Researchers evaluated patients in the four-year, Phase 3 REDUCE clinical study and found that chronic prostate inflammation is associated with higher International Prostate Symptom Scores (IPSS), larger prostate volume, and acute urinary retention (AUR), but does not predict the development or progression of benign prostatic hyperplasia (BPH) with lower urinary tract symptoms (LUTS).
Further analysis uncovered that the severity of chronic inflammation was slightly associated with the development or progression of BPH/LUTS. The analysis could not confirm that acute prostate inflammation increased the incidence of development or progression of BPH/LUTS.
The study, “Chronic Prostate Inflammation is Associated with Severity and Progression of Benign Prostatic Hyperplasia, Lower Urinary Tracy Symptoms and Risk of Acute Urinary Retention,” was published in The Journal of Urology.
Underlying health factors driving development and progression of BPH are still largely unknown. But research proposed that inflammation of the prostate may promote BPH. For the current study, post hoc analysis of REDUCE patient data was used to determine whether inflammation correlates with BPH development and progression.
Both acute and chronic prostate inflammation were assessed by examining pre-trial patient biopsies for the presence of specific immune cells. The presence of macrophages was scored as chronic inflammation, while acute inflammation was scored simply as acute inflammation. Patients were examined every six months for four years to measure BPH symptoms such as peak urinary flow, post-void residual, IPSS, and quality of life.
IPSS, used to standardize rapid screening for BPH diagnosis, asks eight questions to evaluate symptoms such as incomplete bladder emptying, urgency, frequency, straining, nocturia, stream rate, intermittency, and quality of life which are scored on a scale from 1-5. Scores are rated from mild to severe based on the number of symptoms and degree of severity.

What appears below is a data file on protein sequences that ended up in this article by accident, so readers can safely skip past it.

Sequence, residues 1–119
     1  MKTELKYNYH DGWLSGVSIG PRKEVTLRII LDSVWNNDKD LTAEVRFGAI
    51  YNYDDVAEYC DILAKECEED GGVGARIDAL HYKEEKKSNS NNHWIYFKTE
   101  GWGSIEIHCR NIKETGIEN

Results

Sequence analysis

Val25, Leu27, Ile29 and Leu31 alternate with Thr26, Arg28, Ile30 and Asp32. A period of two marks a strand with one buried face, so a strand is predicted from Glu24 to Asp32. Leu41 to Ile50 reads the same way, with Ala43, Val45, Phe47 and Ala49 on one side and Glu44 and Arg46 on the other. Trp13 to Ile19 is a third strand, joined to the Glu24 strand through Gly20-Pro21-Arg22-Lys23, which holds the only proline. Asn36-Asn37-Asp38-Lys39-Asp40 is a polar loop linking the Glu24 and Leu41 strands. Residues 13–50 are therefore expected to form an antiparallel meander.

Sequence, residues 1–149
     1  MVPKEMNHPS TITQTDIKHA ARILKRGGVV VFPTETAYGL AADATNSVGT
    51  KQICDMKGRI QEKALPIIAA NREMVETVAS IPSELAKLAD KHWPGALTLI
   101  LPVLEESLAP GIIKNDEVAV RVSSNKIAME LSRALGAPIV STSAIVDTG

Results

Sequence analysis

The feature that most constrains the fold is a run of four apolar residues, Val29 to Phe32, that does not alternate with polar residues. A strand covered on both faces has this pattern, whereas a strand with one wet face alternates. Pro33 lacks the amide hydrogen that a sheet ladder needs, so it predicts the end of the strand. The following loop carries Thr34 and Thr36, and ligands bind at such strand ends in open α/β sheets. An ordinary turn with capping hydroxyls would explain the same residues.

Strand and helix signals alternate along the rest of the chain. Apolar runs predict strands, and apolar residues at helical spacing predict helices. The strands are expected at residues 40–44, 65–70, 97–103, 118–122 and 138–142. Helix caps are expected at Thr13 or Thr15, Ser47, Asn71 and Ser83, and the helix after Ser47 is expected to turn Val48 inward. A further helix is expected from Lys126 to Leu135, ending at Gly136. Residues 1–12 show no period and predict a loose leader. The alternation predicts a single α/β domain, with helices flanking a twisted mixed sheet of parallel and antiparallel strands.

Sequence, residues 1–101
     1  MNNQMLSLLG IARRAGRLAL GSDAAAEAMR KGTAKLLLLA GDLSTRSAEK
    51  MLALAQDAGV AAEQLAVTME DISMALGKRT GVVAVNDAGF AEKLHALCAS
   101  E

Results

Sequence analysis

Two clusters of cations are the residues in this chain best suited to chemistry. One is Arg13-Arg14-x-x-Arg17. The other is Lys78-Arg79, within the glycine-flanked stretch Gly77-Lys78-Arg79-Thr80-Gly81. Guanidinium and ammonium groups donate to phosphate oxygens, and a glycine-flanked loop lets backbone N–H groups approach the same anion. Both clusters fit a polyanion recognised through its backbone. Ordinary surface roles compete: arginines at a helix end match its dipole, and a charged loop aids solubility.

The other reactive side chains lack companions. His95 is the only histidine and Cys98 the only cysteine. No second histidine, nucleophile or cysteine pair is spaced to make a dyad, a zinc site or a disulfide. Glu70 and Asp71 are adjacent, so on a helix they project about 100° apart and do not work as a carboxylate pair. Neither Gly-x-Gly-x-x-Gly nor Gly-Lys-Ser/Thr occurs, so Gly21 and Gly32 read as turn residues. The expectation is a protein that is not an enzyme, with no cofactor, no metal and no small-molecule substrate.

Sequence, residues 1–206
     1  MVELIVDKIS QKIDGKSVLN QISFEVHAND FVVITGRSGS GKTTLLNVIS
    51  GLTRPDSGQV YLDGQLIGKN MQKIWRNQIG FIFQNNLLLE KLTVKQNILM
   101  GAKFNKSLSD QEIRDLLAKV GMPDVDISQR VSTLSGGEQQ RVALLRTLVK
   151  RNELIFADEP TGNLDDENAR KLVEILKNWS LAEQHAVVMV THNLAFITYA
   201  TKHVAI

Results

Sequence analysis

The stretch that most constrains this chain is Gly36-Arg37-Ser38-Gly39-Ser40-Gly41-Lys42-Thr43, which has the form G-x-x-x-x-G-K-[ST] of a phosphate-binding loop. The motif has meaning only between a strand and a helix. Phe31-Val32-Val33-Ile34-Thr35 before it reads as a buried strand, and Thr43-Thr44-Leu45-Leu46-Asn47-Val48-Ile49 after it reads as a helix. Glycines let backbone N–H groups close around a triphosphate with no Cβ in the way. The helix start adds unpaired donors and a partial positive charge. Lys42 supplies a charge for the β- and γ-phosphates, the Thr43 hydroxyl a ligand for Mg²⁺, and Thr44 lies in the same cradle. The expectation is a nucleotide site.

In the longitudinal analysis of the study, BPH development was defined as an IPSS score beyond 8. For participants who entered the study with BPH, disease progression was defined as an increase in the IPSS score of 4 points or more.
The study identified age-related associations with acute and chronic prostate inflammation, with acute inflammation more prominent in younger men, and chronic inflammation more prominent in older men.
Acute inflammation was unrelated to IPSS, and the longitudinal examination of the study found no association between acute prostate inflammation and the incidence of BPH/LUTS over the four-year trial.
Chronic prostate inflammation was associated with reduced time to risk of AUR, increased prostate size and volume, and higher IPSS.
The presence of chronic inflammation did not associate with increased incidence of BPH/LUTS development or progression. But later analysis, which used a more granular approach to evaluate the severity of chronic inflammation, showed a weak association between ‘moderate’ chronic inflammation and BPH/LUTS and suggested that the severity of chronic inflammation is associated with BPH development and progression.
Limitations to the use of the study’s longitudinal evaluation and later analysis of the REDUCE trial patient data did exist.
The REDUCE trial was designed as a cancer prevention study and to determine whether dutasteride, an oral medication used to treat BPH, would prevent prostate cancer in high risk men, so the later evaluation used only BPH data from the placebo group, which reduces the sample size for analysis.
Additionally, a larger, generalized population of men were excluded from this analysis because of the initial design of REDUCE. Finally, the extent and intensity of inflammation was not defined before the study, which complicated the use of inflammation as a measurement and potentially detracting from the statistical power in the analyses.